U.S. Pat. No. 5,306,232 discloses an improved head alignment devise for holding the head in a generally vertical position without restricting movement of the chin and without restricting all voluntary movement of the individual's head. A head support strap or head band is positioned to extend around the individual's forehead. One end of the head band is connected to strings which extend around two spaced pulleys on a bar mounted behind the person's head to the other end of the strap. The length of the string is adjusted so that the head band gently holds the head against or close to a headrest. The pulleys allow the person to rotate his or her head, while the head band holds the head in a generally upright position against the headrest.
In prior art head support systems which include a head band, careful adjustment is required for the head band each time it is attached to support a head. If the head band is too loose so that tension may be released, for example, if the individual pushes against the resilient headrest, the head band may slip down over the eyes, the nose or the chin of the user. If the head band is too tight, the individual will be uncomfortable.
The head support of the invention includes a bar or other member designed to be mounted on a wheelchair or other type of chair behind the head of an individual seated in the chair. Two resilient, low friction head bands extend from a first bracket mounted on the bar around the individual's head to a second bracket mounted on the bar. The head bands extend generally parallel to each other. Preferably, the head bands extend in a generally U-shaped configuration. The lengths of the head bands are adjusted at the brackets to accommodate the individual's head size with the pad held close to the forehead. As the individual turns his or her head, the pad slides on the head bands. The brackets which mount the head bands allow the head bands and pad to be rotated from a position supporting the individual's head to a position behind the head to allow the individual to be transferred into and out of the wheelchair. The brackets allow repeatable positioning of the forehead pad to an adjusted position specifically for the individual. The head bands have sufficient resiliency to prevent the forehead pad from falling below a set position on the individual forehead.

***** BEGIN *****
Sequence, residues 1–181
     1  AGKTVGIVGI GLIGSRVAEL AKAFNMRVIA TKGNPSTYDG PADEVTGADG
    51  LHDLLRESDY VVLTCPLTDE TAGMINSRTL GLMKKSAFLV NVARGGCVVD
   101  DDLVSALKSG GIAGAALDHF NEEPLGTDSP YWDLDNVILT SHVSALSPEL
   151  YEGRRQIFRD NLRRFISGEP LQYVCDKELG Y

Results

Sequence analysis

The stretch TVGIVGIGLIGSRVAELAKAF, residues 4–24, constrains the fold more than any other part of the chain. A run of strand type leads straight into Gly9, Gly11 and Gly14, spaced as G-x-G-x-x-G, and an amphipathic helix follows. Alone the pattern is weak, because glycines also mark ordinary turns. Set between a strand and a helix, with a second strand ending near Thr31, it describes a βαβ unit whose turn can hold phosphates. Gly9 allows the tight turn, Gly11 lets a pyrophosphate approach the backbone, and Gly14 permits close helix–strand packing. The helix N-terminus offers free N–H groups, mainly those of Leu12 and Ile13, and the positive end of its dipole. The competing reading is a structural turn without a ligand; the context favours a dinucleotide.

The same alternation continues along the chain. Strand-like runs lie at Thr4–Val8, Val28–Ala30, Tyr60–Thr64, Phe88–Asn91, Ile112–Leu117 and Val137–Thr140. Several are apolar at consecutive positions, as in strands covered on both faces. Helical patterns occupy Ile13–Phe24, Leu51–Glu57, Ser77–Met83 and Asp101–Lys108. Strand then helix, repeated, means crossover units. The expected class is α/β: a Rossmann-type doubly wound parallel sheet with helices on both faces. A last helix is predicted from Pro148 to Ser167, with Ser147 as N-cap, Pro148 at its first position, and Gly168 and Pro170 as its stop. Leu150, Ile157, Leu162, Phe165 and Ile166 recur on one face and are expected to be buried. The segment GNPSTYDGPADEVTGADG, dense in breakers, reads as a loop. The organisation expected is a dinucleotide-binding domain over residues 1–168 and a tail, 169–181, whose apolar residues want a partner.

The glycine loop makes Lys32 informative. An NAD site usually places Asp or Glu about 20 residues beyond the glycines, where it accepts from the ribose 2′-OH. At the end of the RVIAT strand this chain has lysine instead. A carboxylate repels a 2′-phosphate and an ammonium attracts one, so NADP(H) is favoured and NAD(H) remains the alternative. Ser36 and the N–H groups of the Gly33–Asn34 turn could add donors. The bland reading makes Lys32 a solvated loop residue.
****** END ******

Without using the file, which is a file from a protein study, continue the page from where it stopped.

Various objects and advantages of the invention will become apparent from the following detailed description of the invention and the accompanying drawings.
Wheelchairs for more severely challenged persons are frequently provided with custom body supports. For the head, these may include, for example, a single headrest pad, a contoured cradle head support which cradles the occiput and provides lateral cervical support, or a headrest pad combined with a single or a two sub-occipital head supports. The components for a head support are selected and adjusted based on the individual person's needs. A dynamic forehead support strap, as taught in U.S. Pat. No. 5,306,232, the disclosure of which is incorporated herein, also has been used in combination with these different types of head supports for providing anterior support. Forehead support straps are particularly useful for low muscle tone individuals with poor head balance, individuals exhibiting forward flexion patterns, and individuals who require an upright head position for medical reasons, for example, due to compromised respiration or swallowing.
Referring to the drawings,
A second bracket 26 is secured to the bracket 23. A third bracket 27 is clamped to the bracket 26 using screws 28 which extend through a clamp 29 and engage a member 30. The screws 28 pass through elongated slots (not shown) in the second bracket 26 to permit adjustment of the forward and backward position of the third bracket. A headrest pad 31 is secured to a vertical leg 32 of the third bracket 27 via a clamp 33 and screws 34. The screws 34 may pass through a vertical slot (not shown) in the leg 32 to permit adjustment of the vertical position of the headrest pas 31 relative to the cradle pad 24. It should be appreciated that the above described head support system is known in the art and that its components may be varied to suit an individual's specific needs.
As best seen in
Pivot brackets 40 and 41 are mounted on opposite ends 42 and 43 of the horizontal bar 35. Two resilient head bands 44 and 45 extend between the two pivot brackets 40 and 41. The head bands 44 and 45 are formed from a relatively stiff resilient material which is sufficiently flexible to allow bending into a generally U shape of a size for extending around a head which is supported by the anterior head support 21. The material should be smooth and have a relatively low surface friction, such as nylon. However, it will be appreciated that other materials also may be used for the forehead bands 44 and 45.